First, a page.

Photo: STAR/Excerpt from Facebook

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Photo: STAR/Excerpt from Facebook

The people working behind the camera often go unnoticed, but their efforts are often what makes a project as perfect as it looks on screen. Costume design is essential to bringing a character to life, and yet the craft is sometimes overlooked by viewers and even critics.

Edila Farid Turin is the young artist behind your favorite films, including “Matir Projar Deshe”, “No Dorai”, “Nona Joler Kabbo” and “Rickshaw Girl”. She was crowned Best Costume Designer at Blender’s Choice-The Daily Star OTT & Digital Content Award for her stellar work in Syed Ahmed Shawki’s “Taqdeer”.

“I am grateful for this recognition – it motivates the technicians to continue to work better,” says Turin. “After the National Film Prize, this is the first event that rewards technicians who work behind the camera. It’s a great achievement for us.”

Since childhood, Turin dreamed of becoming a fashion designer. However, she took a little detour and became a costume designer instead — and the road has served her well. “I started working as an assistant director in 2009 with Piplu R Khan’s Applebox”, shares the artist.

“At that time, I did a number of jobs, including costume design, art direction, and assistant director. I wasn’t even sure I wanted to be an assistant director in the first place.”

After winning Best Costume Designer for “Taqdeer”.

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After winning Best Costume Designer for “Taqdeer”.

Turin says that when she started working, the industry was not as liberal as it is today. It was just a small space with the same list of directors. “The scenario has changed in recent years and the prospects for technicians have widened,” she adds. “What’s interesting is that the ‘Matir Projar Deshe’ team scouted me without reference to other people. I wasn’t sure I could because I was too young at the time. ‘era.”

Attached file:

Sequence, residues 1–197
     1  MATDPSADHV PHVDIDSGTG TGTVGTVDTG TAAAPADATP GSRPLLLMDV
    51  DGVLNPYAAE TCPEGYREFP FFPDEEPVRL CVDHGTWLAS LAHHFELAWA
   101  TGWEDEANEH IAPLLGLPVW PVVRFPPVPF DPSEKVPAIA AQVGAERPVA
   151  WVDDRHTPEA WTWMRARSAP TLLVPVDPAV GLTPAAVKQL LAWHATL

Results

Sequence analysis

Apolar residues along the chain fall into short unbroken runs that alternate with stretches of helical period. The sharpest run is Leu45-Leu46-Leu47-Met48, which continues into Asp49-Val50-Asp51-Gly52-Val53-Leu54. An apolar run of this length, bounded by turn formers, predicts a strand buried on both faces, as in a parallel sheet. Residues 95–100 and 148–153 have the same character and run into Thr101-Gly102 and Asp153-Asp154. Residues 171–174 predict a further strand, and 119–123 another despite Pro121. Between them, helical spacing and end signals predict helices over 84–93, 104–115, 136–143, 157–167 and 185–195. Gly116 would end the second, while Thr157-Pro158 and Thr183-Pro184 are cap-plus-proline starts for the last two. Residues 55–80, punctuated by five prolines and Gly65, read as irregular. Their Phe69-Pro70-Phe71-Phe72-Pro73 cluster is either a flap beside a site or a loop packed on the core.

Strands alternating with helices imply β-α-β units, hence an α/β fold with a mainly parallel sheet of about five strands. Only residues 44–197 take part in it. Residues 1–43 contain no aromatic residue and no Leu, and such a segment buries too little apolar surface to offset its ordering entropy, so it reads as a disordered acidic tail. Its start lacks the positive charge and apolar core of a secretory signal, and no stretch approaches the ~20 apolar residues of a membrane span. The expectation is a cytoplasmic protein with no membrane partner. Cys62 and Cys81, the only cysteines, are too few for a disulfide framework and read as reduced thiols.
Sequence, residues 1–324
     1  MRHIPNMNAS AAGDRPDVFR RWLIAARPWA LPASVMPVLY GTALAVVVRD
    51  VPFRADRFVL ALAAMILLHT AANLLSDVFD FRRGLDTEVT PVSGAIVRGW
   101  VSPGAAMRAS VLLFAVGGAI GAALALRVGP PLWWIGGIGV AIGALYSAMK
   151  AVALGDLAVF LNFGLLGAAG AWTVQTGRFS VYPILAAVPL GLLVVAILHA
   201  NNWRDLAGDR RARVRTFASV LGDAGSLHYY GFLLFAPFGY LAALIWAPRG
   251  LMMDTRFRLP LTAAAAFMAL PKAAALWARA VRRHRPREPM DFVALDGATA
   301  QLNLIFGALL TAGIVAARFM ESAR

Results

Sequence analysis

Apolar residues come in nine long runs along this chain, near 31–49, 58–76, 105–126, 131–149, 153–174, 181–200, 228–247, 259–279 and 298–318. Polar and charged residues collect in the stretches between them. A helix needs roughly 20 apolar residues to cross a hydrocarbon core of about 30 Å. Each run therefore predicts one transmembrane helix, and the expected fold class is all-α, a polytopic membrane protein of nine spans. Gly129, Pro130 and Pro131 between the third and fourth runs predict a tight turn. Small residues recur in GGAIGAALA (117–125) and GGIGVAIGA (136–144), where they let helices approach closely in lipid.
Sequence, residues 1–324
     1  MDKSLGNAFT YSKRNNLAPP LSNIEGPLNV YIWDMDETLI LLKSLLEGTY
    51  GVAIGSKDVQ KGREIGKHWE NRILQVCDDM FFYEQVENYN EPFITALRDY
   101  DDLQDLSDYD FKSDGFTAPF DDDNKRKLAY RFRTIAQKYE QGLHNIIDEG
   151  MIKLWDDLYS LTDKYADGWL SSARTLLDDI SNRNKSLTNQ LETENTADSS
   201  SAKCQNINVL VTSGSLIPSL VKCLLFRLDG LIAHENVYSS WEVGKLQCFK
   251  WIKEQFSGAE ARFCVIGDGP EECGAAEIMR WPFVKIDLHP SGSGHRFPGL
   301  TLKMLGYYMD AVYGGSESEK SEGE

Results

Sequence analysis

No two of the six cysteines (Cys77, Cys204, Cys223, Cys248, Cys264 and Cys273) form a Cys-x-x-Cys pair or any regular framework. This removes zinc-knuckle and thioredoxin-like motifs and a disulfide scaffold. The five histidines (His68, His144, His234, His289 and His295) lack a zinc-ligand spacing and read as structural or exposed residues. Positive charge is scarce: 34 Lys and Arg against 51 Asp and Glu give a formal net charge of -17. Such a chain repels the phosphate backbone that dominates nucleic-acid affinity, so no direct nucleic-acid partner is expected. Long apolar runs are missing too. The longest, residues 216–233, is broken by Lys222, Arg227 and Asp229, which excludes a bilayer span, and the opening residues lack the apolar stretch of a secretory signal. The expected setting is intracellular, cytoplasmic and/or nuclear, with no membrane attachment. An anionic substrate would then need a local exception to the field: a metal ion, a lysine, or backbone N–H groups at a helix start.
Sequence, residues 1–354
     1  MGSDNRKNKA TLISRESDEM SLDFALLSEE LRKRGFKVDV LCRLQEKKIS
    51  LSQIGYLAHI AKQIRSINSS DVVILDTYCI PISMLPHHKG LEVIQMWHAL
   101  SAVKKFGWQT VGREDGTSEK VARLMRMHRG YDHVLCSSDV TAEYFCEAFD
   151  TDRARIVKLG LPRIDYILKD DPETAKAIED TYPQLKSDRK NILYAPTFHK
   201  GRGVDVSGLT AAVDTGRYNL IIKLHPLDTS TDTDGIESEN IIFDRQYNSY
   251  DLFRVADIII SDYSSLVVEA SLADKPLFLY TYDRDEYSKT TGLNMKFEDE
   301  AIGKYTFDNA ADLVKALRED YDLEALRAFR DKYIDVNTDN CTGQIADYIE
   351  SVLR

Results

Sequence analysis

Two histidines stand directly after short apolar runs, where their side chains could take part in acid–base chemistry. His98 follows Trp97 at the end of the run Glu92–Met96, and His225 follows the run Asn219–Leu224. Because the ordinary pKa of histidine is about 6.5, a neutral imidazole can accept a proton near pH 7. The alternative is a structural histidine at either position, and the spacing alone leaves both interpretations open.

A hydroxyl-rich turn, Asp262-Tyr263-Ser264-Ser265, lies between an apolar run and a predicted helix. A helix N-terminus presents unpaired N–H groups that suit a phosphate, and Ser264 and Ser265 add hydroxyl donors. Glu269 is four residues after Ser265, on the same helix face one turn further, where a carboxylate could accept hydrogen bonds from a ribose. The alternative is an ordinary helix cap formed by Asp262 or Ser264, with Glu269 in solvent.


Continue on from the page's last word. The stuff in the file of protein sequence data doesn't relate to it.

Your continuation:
According to her, costume design is a crucial element for a project. “If a character is in the right costume, it makes the audience feel the character. Likewise, audiences will find it hard to believe in a character who doesn’t look like the role,” says the artist, who finished his honors in Media and Journalism from the Liberal Arts University of Bangladesh (ULAB).

Turin shared that while working in “Taqdeer,” they tried on several outfits for Chanchal Chowdhury to make him look like the character of a freezer van driver. “It was difficult, but we did it with the utmost perfection,” the artist shared.

Turin is the founder of the Oscar Blue team, named after her pet cats Oscar and Blue, who are no longer with her. “I want to keep them alive in my life, that’s why I named the studio after them,” Turin adds.

The designer wants to focus more on character design in the future and expand her studio by establishing her profession. As long as more people explore their passion, whether in front of or behind the camera, the pursuit of excellence in costume design will be worth it for Edila Farid Turin.